Cars > Iconic

Why the Honda Civic has a cult following

Whether the real thing or the die-cast model

The author and his admiration of the Honda Civic go way back to his childhood. PHOTO BY JASON DELA CRUZ

I first encountered a Honda Civic way back in 1983 when I was waiting to be picked up from school one day. I was in first grade then. Here came this white hatchback belonging to a foreign student. It had blue-numbered diplomatic plates, which made it even more intriguing.

The sight of a Civic was alien from the usual Mitsubishi Lancers and Toyota Corollas. Each time saw it over a year or so, I’d soak in the sight of it. After seeing one in the metal, I appreciated seeing it in car magazines in the years that followed.

Most will be familiar with the EG Civic as it was part of the People's Car Program in the early ’90s. PHOTO FROM HONDA

Fast-forward to 1991, when the Civic was officially distributed in our market, albeit with that puny 1.2-liter engine. So inadequate that a friend who owned one said he had to turn off the compressor to overtake.

Well, be careful what you wish for, because what followed was the ESi variant, which had a 127hp, 1.6-liter engine. The brand was also marketed well with the tagline “The Prestigious,” enticing a new audience in search of something different and a little more premium. Hence the strong beginnings of Honda Cars Philippines.

But who could forget the iconic EK Civic SiR? PHOTO FROM JASON DELA CRUZ

Interest in the Civic soared with the EK SiR in the late ’90s. No doubt it inspired enthusiasts, tuners and fanboys to get more out of Civics via mods—bolt-ons and proper tuning.

Some went as far as engine-swapping to the B- and K-Series powerplants, which could handle a higher rpm range and a higher horsepower output. And the best part? Honda has a healthy aftermarket. Tunability has contributed to the Civic’s popularity.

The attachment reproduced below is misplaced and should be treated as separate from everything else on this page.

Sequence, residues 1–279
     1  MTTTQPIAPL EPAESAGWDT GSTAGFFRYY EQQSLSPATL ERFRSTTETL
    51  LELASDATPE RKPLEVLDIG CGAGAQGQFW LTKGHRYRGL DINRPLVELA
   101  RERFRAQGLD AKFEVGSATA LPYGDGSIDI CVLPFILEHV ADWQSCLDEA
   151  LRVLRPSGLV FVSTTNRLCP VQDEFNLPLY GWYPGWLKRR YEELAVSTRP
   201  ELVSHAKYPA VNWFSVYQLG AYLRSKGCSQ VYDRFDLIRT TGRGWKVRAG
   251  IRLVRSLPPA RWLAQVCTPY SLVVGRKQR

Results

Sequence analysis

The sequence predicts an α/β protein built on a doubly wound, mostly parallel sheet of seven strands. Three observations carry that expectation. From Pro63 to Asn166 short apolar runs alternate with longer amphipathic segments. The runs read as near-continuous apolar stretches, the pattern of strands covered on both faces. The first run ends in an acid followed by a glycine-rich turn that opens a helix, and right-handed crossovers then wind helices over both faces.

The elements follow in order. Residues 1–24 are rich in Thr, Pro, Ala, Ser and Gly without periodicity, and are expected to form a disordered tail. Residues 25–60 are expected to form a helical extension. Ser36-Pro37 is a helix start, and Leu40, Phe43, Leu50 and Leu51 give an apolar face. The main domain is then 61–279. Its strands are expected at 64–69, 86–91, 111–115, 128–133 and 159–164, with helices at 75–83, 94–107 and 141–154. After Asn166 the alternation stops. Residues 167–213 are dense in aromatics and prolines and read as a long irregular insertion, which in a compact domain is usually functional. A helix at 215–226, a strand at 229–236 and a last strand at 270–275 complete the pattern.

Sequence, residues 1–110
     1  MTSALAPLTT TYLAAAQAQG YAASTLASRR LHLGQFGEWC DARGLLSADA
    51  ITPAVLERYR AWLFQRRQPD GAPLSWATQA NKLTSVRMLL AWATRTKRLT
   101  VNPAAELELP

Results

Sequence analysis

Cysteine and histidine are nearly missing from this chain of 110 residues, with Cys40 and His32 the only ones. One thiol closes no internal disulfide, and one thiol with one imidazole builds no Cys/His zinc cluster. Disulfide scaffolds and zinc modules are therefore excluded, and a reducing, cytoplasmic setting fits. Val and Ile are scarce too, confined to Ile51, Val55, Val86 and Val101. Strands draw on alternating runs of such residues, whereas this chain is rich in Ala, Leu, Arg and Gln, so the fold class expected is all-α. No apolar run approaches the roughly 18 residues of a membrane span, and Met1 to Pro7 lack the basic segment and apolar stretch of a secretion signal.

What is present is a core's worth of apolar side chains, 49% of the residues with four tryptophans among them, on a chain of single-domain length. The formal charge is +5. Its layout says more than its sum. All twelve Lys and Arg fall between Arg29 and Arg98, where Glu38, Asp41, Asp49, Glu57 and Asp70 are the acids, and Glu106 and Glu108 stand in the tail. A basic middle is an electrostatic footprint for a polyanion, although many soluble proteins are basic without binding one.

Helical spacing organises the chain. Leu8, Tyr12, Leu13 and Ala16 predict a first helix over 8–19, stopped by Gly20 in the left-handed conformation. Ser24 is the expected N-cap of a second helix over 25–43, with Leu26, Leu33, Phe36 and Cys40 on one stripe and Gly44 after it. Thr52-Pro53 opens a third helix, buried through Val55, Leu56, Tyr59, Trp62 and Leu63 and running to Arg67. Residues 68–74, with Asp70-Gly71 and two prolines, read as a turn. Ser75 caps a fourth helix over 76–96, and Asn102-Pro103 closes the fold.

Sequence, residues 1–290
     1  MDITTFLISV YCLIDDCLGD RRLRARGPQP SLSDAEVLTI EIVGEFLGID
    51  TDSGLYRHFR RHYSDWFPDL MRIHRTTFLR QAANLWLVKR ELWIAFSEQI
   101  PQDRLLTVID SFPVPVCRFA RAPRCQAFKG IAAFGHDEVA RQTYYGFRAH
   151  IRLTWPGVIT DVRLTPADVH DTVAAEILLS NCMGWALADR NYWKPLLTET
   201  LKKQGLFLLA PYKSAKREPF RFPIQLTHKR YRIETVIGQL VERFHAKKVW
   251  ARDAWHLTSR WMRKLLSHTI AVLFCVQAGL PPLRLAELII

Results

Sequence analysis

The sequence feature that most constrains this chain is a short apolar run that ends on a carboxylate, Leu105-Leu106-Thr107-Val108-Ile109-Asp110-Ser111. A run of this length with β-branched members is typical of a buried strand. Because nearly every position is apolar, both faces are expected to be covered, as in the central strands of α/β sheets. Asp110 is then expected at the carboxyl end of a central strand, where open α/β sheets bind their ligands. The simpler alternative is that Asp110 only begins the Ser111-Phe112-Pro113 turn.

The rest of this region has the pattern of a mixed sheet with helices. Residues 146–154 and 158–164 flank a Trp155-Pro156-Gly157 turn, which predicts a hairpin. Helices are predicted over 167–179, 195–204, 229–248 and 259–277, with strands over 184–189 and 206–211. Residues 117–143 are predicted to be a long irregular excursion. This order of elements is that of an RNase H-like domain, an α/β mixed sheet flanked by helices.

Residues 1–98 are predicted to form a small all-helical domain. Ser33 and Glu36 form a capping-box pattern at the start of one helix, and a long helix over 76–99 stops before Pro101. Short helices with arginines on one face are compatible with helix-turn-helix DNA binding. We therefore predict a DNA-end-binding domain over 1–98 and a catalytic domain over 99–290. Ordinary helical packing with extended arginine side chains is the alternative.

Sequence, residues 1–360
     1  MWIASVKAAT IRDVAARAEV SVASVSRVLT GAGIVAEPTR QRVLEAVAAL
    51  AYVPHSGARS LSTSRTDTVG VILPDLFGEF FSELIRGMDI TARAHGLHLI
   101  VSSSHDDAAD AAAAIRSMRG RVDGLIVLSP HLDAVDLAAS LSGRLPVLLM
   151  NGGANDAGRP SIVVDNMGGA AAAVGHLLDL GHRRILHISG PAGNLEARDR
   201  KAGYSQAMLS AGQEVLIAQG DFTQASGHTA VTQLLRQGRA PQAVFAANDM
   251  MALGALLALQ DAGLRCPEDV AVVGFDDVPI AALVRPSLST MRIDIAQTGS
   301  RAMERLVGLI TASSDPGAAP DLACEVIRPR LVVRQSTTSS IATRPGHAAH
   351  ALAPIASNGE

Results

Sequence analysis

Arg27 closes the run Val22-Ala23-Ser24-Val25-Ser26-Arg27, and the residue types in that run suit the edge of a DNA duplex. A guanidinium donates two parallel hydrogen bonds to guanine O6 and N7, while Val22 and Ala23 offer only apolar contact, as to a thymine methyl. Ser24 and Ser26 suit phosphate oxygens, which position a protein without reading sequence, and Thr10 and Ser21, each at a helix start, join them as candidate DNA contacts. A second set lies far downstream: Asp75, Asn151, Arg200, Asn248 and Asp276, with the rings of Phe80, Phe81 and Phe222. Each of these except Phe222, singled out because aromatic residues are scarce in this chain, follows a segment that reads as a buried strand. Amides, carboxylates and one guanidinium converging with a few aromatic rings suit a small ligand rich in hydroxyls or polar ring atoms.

The Civic ES was a bit of a snoozefest compared to its exciting predecessor. PHOTO FROM HONDA

After the highs of the boy-racer EK, however, came the bland ES, replacing the front double-wishbone suspension with MacPherson struts—unfavored among enthusiasts due to low-grade handling.

The FC Civic helped reignite the nameplate ever since its introduction in 2016. PHOTO FROM HONDA

The desirability of the Civic was rediscovered three generations later.

The FC featured a 1.5-liter turbo in the RS Turbo variant, somehow tying its performance roots with the SiR (it was launched in our market alongside an SiR and with the slogan “Civic Reborn”). It has an output of 171hp and 220Nm.

The latest Civic exercises restraint compared to the edgy last-generation model. PHOTOS BY JASON DELA CRUZ

The latest gen you see here, an FE in RS Turbo trim, evolves from the previous model with 176hp and 240 Nm, with the 1.5-liter turbo as the sole engine in two variants. The current model sports a simpler look inside and out, departing from the Gundam styling of the FC.

This EK coupe is the most popular Hot Wheels Honda Civic casting in the lineup. PHOTO BY JASON DELA CRUZ